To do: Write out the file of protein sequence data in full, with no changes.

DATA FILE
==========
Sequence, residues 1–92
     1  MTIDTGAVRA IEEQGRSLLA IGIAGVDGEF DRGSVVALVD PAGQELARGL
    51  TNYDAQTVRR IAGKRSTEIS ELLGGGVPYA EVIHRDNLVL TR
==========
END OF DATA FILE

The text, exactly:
Sequence, residues 1–92
     1  MTIDTGAVRA IEEQGRSLLA IGIAGVDGEF DRGSVVALVD PAGQELARGL
    51  TNYDAQTVRR IAGKRSTEIS ELLGGGVPYA EVIHRDNLVL TR